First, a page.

by David Casey / Articulating the Future

The narrative being pushed today is that renewables, particularly wind and solar, will save us. By “save us” they mean allow us to continue our way of life unhindered into the future, despite a lower (and eventually zero, they tell us) reliance on oil. This view is so prevalent, it seems, that reactions of denial, or even confusion, are met with indignation and insistence.

I know the claims of this hope-filled crowd for what it is: fantasy. Part of me wants to go through every piece (wind, solar, hydro, nuclear) and point out their individual flaws. But I have a particular ability to see the heart, or essence, of the issue, and I am compelled to make this simple.

The push to “renewables” is very… overhyped, I suppose is the right word. Industrial civilization was built on an oil EROEI (Energy Return On Energy Invested) of 100 to 1. Nowadays we’re down to somewhere about 12 to 1. Conventional oil (the cheap, easy to access stuff) peaked back in 2005. This is not really argued against by anyone at this point. Unconventional oil has filled the gap. But – and here’s the huge but –

1) unconventional oil sources have been funded through increasing amounts of debt and many of these companies are going bankrupt (33% in 2016, a projected 33% more in 2017, leaving only 1/3rd of those companies standing by 2019) [link], and

2) the greatest source of unconventional has been shale oil and gas – the great majority of which is in the USA. Unfortunately, shale oil and gas both peaked in 2015 and are now declining.*

* Edit: In November 2017, shale production slightly exceeded this mark and production is set to increase a bit further into 2018. I am currently writing an article on shale explaining this which will be up soon. We can expect shale output to rise into next year, but then will decline. This is known and expected.

So, that leaves us with “renewables.” I put the word in quotes because it’s a misnomer – none of these sources are actually renewable. They are completely dependent on oil to build, maintain, and transport. All renewable technology and construction, as well as the infrastructure and transportation needed to get their product to consumers, is dependent entirely on oil (fossil fuels). Another giant problem is that these are all sources of producing electricity. The problem with this is twofold:

1) most of the energy we use isn’t electric – electricity production is only 18% of total world energy demand, and 

2) all of the electricity we do produce employs fossil fuels.

It is important to note here too that transportation (big 18-wheelers, ships, planes, mining equipment trucks, etc) cannot transition to electricity to run them – the batteries are absurdly too heavy (in some cases 50,0000 times too heavy) and with current or projected technology this problem will not conceivably be fixed anytime soon. Transitioning the consumers to electric cars won’t fix the problem whatsoever.


​”Peak oil” is primarily a liquid fuels transportation crisis because of this very issue.


Another point to make is that there is no national infrastructure currently that can replace any significant fraction of oil with renewable energy. Building such an infrastructure has been estimated by countless studies to cost literally trillions of dollars and take at least 20 years – and when we are currently facing a global economic slowdown we don’t have the money to invest in that. And we don’t have the time to wait because the crisis will hit before such an infrastructure would be built even if we did invest the money today, which we can’t. This brings us to the point: we will have to face a world-changingly profound loss of overall energy, even as demand and populations continue to increase.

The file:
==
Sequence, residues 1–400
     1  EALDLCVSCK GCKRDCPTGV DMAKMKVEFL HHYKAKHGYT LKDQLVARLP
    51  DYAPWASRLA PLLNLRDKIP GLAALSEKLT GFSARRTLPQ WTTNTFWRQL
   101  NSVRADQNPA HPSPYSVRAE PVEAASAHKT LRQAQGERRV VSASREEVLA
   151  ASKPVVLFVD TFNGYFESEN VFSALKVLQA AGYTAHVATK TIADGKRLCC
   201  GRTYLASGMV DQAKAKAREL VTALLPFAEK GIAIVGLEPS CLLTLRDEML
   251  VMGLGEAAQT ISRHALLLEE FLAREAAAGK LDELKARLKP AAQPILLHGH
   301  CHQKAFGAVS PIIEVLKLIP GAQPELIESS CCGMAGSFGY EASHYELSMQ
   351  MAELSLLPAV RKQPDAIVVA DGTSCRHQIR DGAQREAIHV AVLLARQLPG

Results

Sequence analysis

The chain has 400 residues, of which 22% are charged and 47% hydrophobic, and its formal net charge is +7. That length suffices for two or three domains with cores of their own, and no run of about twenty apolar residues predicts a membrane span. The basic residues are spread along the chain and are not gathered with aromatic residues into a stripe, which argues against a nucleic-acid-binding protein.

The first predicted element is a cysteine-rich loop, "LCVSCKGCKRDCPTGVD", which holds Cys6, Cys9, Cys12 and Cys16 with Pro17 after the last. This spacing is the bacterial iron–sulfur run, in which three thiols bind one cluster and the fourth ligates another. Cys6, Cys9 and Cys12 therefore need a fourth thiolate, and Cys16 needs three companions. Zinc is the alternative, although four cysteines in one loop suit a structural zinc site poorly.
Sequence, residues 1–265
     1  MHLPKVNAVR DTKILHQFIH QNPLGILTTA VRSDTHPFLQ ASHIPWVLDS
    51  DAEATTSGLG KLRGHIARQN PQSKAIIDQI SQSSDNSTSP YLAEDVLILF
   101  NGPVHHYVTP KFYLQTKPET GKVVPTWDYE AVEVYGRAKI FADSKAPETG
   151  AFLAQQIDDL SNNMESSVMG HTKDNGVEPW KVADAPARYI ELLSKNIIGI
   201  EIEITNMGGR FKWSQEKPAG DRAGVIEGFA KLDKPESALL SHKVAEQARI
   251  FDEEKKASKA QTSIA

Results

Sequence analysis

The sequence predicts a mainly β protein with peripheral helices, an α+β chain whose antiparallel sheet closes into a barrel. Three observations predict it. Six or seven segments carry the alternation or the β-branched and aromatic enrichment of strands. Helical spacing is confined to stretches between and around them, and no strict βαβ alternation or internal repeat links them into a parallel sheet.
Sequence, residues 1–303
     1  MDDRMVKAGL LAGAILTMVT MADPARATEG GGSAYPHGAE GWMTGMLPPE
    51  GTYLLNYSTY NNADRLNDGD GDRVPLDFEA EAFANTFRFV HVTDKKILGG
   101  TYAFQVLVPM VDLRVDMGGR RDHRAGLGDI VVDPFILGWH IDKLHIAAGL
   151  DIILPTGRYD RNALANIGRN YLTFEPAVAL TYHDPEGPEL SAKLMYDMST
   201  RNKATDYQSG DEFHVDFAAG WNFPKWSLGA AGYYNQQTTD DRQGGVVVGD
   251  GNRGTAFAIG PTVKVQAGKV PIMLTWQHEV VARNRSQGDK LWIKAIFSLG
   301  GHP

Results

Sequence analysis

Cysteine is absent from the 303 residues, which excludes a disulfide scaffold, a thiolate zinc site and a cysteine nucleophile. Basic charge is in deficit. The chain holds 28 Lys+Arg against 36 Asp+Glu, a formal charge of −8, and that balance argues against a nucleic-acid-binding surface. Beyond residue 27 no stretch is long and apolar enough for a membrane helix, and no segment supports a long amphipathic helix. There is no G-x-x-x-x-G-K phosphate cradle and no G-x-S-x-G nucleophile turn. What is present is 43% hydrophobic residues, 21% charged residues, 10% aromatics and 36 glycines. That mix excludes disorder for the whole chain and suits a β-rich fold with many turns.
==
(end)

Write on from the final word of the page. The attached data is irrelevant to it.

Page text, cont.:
But make no mistake – a greater dependence on renewables is inevitable. The problems occur when you realize that these renewables are themselves dependent on oil, which is being funded by debt that won’t last and is ending in bankruptcies and has an ever-lower EROEI (Energy Return On Energy Invested).

The outcome of all this is that, yes, we will become more and more heavily reliant on intermittently-available renewables. But (and this is the point that many miss) as we become more reliant on renewables on a small scale (personal use, business use, town use), we will be living with increasingly less and less overall energy on a large scale (geographically, nationally, globally). All the systems that are geographic (grid systems), national (the economy), and global (trade, imported goods, etc), will inevitably fail and we will have to make due with local solutions. Renewables will power a fraction of our current way of life at best – and they will not be sufficient to continue business as usual as we have known it. Wind and solar last for about 20 years before they need to be replaced – with energy outputs only available through oil. As John Michael Greer has said:

“The question isn’t whether or not sun and wind are useful power sources; the question is whether it’s possible to power industrial civilization with them, and the answer is no.”

All of the promises of the hope-addicted crowd of course also rest on the false premise that fossil fuels themselves will be cheap and easy to obtain for the next 35 years or so in order to pave a smooth road for this transition.

I’m afraid the result of all this is a staggeringly significant reduction in the standards of living for the vast majority of the world.

Eventually everything will even out and humanity will live a much more sustainable way of life – just like humanity has for ten thousand years before the industrial age. In the meantime, expect turbulence.

In closing, let’s end with a simple but profound thought: You can’t use fossil fuels to extract all the resources to make solar panels and wind turbines and then expect these less efficient means of energy production to save a society with ever-increasing energy needs.